Updated July 19th 2023
Wineries today make red wine almost the same way it was made thousands of years ago. Red wine is different from white wine and rosé. The color is obviously different, but also the wine making process. In this guide you will learn about how to make red wine and how the wine making process differs depending on the color of the wine.
Red, white and rosé are the main styles of wine. The wine's color is the most obvious difference between these styles, but the level of tannins, body, alcohol and flavors are also different. Red wine is the most popular wine style and it is also the most common style for wine making at home. Here you can read more about how red wine is made and how it differs from white and rosé wine.
Wine is made from grape juice. Grapes are the main ingredient in wine and the grape variety used will give the finished product its main characteristics. Wineries follow many steps to make wine and most of the steps are the same, regardless of wine style. Fermenting the grape juice is an essential step in the wine making process. The main difference between making red wine compared to the other styles is during this step: the grape skins and juice are fermented together to make red wine.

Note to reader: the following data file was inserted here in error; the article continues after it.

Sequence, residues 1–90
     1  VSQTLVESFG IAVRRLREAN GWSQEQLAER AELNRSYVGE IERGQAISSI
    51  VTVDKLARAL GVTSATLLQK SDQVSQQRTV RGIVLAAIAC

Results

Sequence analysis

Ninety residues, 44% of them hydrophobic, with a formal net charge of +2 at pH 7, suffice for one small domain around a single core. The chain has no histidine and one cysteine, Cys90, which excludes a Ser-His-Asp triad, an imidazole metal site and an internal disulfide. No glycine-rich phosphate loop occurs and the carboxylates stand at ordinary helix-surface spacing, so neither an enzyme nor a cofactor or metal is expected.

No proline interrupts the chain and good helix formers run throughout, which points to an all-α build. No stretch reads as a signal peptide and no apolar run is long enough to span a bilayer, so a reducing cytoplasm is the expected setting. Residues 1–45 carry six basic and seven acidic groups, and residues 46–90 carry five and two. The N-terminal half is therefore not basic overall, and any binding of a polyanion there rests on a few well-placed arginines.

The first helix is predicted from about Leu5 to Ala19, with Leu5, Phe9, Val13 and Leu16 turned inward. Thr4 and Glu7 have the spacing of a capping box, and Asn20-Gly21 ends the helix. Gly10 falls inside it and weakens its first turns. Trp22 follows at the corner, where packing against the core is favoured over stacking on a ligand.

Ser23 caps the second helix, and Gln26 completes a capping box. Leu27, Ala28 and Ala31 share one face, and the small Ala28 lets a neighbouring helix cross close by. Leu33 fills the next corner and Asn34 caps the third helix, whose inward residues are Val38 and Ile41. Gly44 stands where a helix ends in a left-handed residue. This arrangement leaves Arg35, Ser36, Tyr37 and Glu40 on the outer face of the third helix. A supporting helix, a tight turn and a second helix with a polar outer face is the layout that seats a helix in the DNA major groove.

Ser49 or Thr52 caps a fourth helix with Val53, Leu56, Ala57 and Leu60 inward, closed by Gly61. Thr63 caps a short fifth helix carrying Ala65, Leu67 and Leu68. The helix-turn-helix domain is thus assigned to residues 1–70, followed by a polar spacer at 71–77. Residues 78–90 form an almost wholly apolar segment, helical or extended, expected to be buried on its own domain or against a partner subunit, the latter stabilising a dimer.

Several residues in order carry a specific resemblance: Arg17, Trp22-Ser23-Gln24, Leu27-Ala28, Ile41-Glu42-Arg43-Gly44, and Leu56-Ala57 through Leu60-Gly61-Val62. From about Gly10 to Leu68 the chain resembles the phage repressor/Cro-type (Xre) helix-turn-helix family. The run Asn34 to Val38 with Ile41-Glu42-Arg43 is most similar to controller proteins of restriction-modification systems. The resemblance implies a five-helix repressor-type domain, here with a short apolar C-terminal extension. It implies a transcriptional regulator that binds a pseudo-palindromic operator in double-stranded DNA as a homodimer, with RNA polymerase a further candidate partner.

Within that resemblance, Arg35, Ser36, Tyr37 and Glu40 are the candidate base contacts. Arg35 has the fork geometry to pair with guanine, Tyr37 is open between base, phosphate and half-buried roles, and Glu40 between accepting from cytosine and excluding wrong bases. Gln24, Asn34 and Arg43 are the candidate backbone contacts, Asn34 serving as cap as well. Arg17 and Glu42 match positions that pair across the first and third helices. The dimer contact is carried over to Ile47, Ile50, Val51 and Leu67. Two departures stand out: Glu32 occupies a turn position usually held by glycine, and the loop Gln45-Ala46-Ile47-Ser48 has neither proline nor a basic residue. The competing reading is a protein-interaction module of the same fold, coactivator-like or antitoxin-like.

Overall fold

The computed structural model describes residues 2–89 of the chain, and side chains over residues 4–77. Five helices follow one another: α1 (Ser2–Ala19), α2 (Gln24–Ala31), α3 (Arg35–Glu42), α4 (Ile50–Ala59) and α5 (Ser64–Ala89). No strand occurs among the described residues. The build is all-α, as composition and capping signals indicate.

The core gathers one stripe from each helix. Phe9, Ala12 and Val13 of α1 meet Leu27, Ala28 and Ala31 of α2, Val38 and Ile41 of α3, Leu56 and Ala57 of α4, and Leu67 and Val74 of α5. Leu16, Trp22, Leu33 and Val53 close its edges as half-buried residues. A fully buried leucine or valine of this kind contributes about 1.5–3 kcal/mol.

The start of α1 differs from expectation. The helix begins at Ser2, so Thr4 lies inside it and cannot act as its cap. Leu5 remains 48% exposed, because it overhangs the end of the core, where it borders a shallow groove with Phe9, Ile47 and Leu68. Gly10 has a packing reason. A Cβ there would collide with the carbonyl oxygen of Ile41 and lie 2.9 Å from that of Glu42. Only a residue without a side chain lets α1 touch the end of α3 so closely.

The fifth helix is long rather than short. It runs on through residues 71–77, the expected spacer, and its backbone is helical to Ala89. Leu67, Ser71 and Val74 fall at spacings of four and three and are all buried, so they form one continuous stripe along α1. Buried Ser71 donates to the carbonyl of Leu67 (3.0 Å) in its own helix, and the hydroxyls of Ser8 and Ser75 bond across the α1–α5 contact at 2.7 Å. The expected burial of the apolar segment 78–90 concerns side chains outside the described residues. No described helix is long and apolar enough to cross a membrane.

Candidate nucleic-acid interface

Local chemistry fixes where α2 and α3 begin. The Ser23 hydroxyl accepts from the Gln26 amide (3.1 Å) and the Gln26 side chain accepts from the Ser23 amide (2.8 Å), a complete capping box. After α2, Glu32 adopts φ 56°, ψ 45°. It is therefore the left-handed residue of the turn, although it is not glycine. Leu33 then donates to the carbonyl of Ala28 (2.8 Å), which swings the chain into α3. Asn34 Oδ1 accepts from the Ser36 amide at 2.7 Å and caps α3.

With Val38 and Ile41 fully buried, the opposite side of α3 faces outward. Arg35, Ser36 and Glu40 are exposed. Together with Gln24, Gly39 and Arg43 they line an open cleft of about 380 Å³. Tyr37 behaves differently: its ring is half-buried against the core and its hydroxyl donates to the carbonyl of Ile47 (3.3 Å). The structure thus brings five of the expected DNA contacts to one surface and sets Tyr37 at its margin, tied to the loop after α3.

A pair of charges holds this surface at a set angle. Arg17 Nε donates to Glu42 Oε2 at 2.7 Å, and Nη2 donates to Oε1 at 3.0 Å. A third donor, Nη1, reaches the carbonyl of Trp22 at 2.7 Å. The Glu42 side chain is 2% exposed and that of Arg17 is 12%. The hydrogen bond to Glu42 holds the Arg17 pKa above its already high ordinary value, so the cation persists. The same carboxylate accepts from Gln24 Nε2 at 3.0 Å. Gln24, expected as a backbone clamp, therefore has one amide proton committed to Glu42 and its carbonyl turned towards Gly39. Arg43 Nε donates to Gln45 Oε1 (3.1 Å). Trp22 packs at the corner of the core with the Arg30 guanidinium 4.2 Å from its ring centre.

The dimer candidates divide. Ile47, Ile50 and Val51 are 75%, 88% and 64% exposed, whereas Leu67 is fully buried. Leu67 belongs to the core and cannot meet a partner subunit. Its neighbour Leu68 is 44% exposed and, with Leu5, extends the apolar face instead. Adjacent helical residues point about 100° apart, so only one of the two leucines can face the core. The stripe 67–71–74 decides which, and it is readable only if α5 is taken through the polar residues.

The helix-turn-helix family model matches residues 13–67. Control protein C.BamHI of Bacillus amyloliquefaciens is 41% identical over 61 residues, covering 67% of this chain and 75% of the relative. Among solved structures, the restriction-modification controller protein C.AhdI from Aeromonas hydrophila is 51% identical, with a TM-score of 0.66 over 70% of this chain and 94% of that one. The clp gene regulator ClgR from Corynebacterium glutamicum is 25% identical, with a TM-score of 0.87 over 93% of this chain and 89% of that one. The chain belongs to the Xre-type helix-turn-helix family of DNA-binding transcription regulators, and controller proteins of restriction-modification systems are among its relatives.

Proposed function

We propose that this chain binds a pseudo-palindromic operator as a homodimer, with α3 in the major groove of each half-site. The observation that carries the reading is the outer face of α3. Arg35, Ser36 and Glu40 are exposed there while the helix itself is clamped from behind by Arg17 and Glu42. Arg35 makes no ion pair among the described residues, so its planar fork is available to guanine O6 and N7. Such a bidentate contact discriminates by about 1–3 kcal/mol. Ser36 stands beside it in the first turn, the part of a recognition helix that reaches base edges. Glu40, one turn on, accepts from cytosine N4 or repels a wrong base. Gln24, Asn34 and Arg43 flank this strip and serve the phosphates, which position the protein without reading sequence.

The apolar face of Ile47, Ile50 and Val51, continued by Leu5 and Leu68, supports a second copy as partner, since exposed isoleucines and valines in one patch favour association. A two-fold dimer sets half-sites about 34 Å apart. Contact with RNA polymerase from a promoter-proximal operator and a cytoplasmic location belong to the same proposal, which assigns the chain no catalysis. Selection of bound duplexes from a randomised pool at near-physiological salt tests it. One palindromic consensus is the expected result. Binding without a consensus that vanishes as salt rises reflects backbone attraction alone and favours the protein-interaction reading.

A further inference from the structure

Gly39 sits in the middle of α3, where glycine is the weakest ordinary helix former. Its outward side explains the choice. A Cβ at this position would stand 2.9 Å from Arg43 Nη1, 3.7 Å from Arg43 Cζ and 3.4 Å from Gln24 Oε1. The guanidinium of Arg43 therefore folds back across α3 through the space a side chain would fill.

By not removing the grape skins before the fermentation of the grape juice, the wine gets its red color, flavor, tannins and texture. The technical term for this skin contact is maceration. Most red grapes' pulp is light green and unless the fermentation happens with the skins, the color of the wine will not be red.
When making white wine, the grapes are crushed before fermentation. By crushing the grapes first, the grape pulp and juice is separated from the skins. With no skin contact during the fermentation, white wines are generally much lighter than red wine. Also, green grapes are used to make white wine, and these have little or no color.
Less commonly, there are some skin-fermented white wines wines available. These wines are called orange wine or skin-contact white wines. Their profile is different from traditional white wine because the skin contact during fermentation gives the wine additional tannins, flavor and color.
Rosé wine is usually made from red grapes, but the grape juice only stays with the grape skins for a very short time. By doing this, the wine only gets a hint of color from the grape skins, which gives its characteristic pink color. Neither white or rosé wines extract a lot of tannins from the grape skins.